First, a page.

Over the last decades, the discussion on climate change, together with catastrophic events in the power sector, has raised global interest for radical policy changes. Since the year 2000, Germany´s Renewable Energy Sources Act (EEG) has been a forerunner in triggering large-scale decentralized deployment of renewable energy. Although built on a relatively large social consensus, the consequences of the German ‘Energiewende’ have also raised conflicts between communities and investor-oriented project developers. This chapter reviews the increasing role of energy co-operatives as means to involve civil society, mitigate conflicts in planning, and distribute subsidies more evenly among a variety of often rural stakeholders.
Bruce E. Kaufman
The human resource function in the business enterprise has its origins in the rise of modern industry in the late nineteenth century. This article provides a survey of its historical development both as a functional area of management practice and as an area of research and teaching in universities. Although, for reasons to be described, the bulk of attention is on the United States, The article endeavors to put the subject in an international context. Also provided is an account of the field's progress, shortcomings, and controversies.
This article discusses the vast literature focusing on the historical evolution of multinational businesses. A broad consensus prevails among most students of the history of multinational enterprise that the modern multinational dates from the mid or late nineteenth century — that it is in fact a post-industrial revolution phenomenon. Only with steamships, railroads, and cables was it possible for managers to exercise control over business operations across borders in a meaningful manner. Transportation and communication revolutions were prerequisites for the existence of effective coordination within an individual firm. Over the years, however, this consensus has been challenged. Indeed, for decades it has been recognized that certain aspects of the modern multinational enterprise have had a long history. The research on pre-industrial age multinational enterprise adds new insights into the nature and history of this most important organization.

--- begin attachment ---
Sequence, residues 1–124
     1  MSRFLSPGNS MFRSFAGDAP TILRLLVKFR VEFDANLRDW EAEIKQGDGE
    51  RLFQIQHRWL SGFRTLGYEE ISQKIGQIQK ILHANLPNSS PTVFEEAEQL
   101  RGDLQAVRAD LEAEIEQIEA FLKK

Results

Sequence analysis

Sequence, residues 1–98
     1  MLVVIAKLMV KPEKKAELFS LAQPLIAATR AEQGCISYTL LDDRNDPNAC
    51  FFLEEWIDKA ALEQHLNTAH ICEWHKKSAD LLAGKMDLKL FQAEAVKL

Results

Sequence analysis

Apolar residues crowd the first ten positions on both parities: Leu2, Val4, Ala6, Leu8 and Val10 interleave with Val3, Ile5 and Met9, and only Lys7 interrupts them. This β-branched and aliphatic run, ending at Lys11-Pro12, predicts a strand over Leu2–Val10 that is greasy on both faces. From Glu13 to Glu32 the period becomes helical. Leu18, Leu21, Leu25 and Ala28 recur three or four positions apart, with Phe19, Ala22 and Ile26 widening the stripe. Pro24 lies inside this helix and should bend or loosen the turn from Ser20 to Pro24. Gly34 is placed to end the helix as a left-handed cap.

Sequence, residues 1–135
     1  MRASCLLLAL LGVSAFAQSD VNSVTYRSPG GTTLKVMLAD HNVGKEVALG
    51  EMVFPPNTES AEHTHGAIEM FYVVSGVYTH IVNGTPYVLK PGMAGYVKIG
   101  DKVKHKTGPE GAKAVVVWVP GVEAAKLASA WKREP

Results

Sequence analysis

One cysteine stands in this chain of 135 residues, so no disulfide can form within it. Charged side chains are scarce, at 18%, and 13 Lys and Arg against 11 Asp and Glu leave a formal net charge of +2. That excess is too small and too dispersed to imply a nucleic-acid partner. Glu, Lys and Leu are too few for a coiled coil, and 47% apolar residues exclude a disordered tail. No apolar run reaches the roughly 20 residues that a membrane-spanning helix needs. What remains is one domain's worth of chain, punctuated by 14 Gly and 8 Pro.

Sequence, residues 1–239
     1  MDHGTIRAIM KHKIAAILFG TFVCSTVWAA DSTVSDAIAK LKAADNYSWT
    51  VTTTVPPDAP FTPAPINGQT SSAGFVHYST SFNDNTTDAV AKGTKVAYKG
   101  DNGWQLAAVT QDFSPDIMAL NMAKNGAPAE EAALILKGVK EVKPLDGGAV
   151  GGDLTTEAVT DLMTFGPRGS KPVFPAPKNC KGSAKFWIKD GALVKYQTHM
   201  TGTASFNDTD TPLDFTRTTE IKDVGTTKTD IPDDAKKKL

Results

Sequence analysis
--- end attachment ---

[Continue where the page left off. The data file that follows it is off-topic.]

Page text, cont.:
This chapter provides a long-run historical perspective on international business in emerging markets. It focuses on the role of Western MNEs, and examines their strategies and the management challenges they faced. In the first era of globalization from the 19th century to the 1920s, MNEs sought access to natural resources, and benefitted from exclusive contracts. Innovation was focused on overcoming logistical challenges. During the Great Reversal during the middle decades of the 20th century, the main challenges faced by MNEs were political. Mounting hostility led many firms to divest, and to invest elsewhere. In the contemporary global economy, political risks declined, but corporate strategies needed to carefully manage relations with the government. Emerging markets were increasingly seen as indispensable by MNEs. They were both a place to locate activities in the lower end of global value chains and a growing market.
John H. Dunning
In considering the origin, form, and global spread of the value-added activities of multinational enterprises (MNEs) over the past four and a half decades, this article traces the main thrust and content of two influential strands of literature. The two strands are closely interrelated. The first examines the development of scholarly thinking on the determinants of the ownership, sectoral pattern, and geographical scope of MNE activity. The second identifies, and where possible evaluates the significance of the main changes in the external technological, economic, and political environment that, in part at least, have helped fashion these determinants. In reviewing both literatures, and the interface between them, the article considers three main time periods, viz. the 1960s to the mid 1970s, the mid 1970s to the late 1980s, and the late 1980s to the early 2000s.
Xabier Barandiaran and Javier Lezaun
The town of Mondragón in the Basque Country is home to one of the largest and most significant experiences of co-operative organization and workers’ self-management anywhere in the world. The Mondragón co-operative movement, born in the 1950s around the local technical training college and a handful of small industrial firms, encompasses today more than one hundred co-operative firms operating in ninety-seven countries and generating an aggregate revenue of €12bn. In this chapter we review the historical origins of the Mondragón experience and the goals that guided the first co-operative projects. After describing the key organizational principles and governance mechanisms of individual co-operatives and of the Mondragón group as a whole, we will examine the rapid expansion and internationalization of some of the most emblematic Mondragón firms—a process that has led to a difficult balance between the maintenance of the original co-operative principles at home and an increasing reliance on capitalist forms of ownership and production abroad. We conclude by discussing the impact of the recent economic downturn on the Mondragón group and its system of inter-co-operative solidarity, and by reflecting on the future prospects for this far-reaching experiment in collective ownership and democratic governance.